A family of fungi, order POLYPORALES, found on decaying wood.
Magnesium oxide (MgO). An inorganic compound that occurs in nature as the mineral periclase. In aqueous media combines quickly with water to form magnesium hydroxide. It is used as an antacid and mild laxative and has many nonmedicinal uses.
Characteristics or attributes of the outer boundaries of objects, including molecules.
A product of hard secondary xylem composed of CELLULOSE, hemicellulose, and LIGNANS, that is under the bark of trees and shrubs. It is used in construction and as a source of CHARCOAL and many other products.
A species of imperfect fungi from which the antibiotic nidulin is obtained. Its teleomorph is Emericella nidulans.
The tree which is known for its bark which is sold as cinnamon. The oil contains about 65-80% cinnamaldehyde and 10% EUGENOL and many TERPENES.
The fluid separating the membranous labyrinth from the osseous labyrinth of the ear. It is entirely separate from the ENDOLYMPH which is contained in the membranous labyrinth. (From McGraw-Hill Dictionary of Scientific and Technical Terms, 4th ed, p1396, 642)
The upper chamber of the COCHLEA that is filled with PERILYMPH. It is connected to SCALA TYMPANI via helicotrema at the apex of the cochlea.
A quantitative measure of the frequency on average with which articles in a journal have been cited in a given period of time.
A publication issued at stated, more or less regular, intervals.
"The business or profession of the commercial production and issuance of literature" (Webster's 3d). It includes the publisher, publication processes, editing and editors. Production may be by conventional printing methods or by electronic publishing.
The study of the structure, growth, function, genetics, and reproduction of bacteria, and BACTERIAL INFECTIONS.
The use of statistical methods in the analysis of a body of literature to reveal the historical development of subject fields and patterns of authorship, publication, and use. Formerly called statistical bibliography. (from The ALA Glossary of Library and Information Science, 1983)
The terms, expressions, designations, or symbols used in a particular science, discipline, or specialized subject area.
Time period from 1901 through 2000 of the common era.
A phylum of fungi that produce their sexual spores (basidiospores) on the outside of the basidium. It includes forms commonly known as mushrooms, boletes, puffballs, earthstars, stinkhorns, bird's-nest fungi, jelly fungi, bracket or shelf fungi, and rust and smut fungi.
A family of bracket fungi, order POLYPORALES, living in decaying plant matter and timber.
Alcohols derived from the aryl radical (C6H5CH2-) and defined by C6H5CHOH. The concept includes derivatives with any substituents on the benzene ring.
A white crystalline compound prepared by condensation of benzaldehyde in potassium cyanide and used in organic syntheses. This should not be confused with benzoin gum from STYRAX.
A genus of fungi in the family Corticiaceae, order Stereales, that degrades lignin. The white-rot fungus Phanerochaete chrysosporium is a frequently used species in research.
The blood pressure as recorded after wedging a CATHETER in a small PULMONARY ARTERY; believed to reflect the PRESSURE in the pulmonary CAPILLARIES.
The movement and the forces involved in the movement of the blood through the CARDIOVASCULAR SYSTEM.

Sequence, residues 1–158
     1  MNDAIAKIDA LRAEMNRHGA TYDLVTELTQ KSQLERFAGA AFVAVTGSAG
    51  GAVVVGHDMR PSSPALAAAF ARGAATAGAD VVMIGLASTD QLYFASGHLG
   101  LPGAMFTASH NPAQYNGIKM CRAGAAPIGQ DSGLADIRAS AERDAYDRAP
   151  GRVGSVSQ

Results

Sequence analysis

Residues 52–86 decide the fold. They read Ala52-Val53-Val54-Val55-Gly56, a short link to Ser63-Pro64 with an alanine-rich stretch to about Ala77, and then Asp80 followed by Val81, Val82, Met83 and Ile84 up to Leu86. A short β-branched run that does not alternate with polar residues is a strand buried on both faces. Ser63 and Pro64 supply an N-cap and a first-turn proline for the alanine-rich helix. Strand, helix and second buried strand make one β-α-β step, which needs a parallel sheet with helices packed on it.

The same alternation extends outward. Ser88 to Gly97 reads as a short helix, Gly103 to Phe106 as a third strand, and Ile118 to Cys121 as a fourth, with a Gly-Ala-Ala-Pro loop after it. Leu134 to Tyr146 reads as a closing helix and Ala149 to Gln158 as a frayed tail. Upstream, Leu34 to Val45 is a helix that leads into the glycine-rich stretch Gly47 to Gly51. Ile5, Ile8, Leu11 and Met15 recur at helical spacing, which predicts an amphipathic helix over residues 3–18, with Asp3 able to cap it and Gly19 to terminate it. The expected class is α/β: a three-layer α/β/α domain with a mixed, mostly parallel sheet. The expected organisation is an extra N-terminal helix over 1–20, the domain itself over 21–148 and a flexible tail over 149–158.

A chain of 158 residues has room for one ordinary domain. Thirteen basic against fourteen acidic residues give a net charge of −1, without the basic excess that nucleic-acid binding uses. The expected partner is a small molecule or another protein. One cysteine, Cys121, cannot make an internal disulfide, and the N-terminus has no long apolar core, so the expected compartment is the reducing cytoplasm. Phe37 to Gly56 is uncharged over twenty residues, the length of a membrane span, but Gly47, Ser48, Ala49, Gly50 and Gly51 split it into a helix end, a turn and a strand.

A method of recording heart motion and internal structures by combining ultrasonic imaging with exercise testing (EXERCISE TEST) or pharmacologic stress.
Measurement of intracardiac blood flow using an M-mode and/or two-dimensional (2-D) echocardiogram while simultaneously recording the spectrum of the audible Doppler signal (e.g., velocity, direction, amplitude, intensity, timing) reflected from the moving column of red blood cells.
Ultrasonic recording of the size, motion, and composition of the heart and surrounding tissues. The standard approach is transthoracic.
Post-systolic relaxation of the HEART, especially the HEART VENTRICLES.
Echocardiography applying the Doppler effect, with velocity detection combined with range discrimination. Short bursts of ultrasound are transmitted at regular intervals and the echoes are demodulated as they return.
A genus of HEPADNAVIRIDAE infecting birds but rarely causing clinical problems. Transmission is predominantly vertical. HEPATITIS B VIRUS, DUCK is the type species.
A species of ALPHAVIRUS causing encephalomyelitis in Equidae and humans. The virus ranges along the Atlantic seaboard of the United States and Canada and as far south as the Caribbean, Mexico, and parts of Central and South America. Infections in horses show a mortality of up to 90 percent and in humans as high as 80 percent in epidemics.
A mosquito-borne species of the PHLEBOVIRUS genus found in eastern, central, and southern Africa, producing massive hepatitis, abortion, and death in sheep, goats, cattle, and other animals. It also has caused disease in humans.
An acute infection caused by the RIFT VALLEY FEVER VIRUS, an RNA arthropod-borne virus, affecting domestic animals and humans. In animals, symptoms include HEPATITIS; abortion (ABORTION, VETERINARY); and DEATH. In humans, symptoms range from those of a flu-like disease to hemorrhagic fever, ENCEPHALITIS, or BLINDNESS.
The type species in the genus NOROVIRUS, first isolated in 1968 from the stools of school children in Norwalk, Ohio, who were suffering from GASTROENTERITIS. The virions are non-enveloped spherical particles containing a single protein. Multiple strains are named after the places where outbreaks have occurred.
A genus of REOVIRIDAE, causing acute gastroenteritis in BIRDS and MAMMALS, including humans. Transmission is horizontal and by environmental contamination. Seven species (Rotaviruses A thru G) are recognized.
A DNA virus that closely resembles human hepatitis B virus. It has been recovered from naturally infected ducks.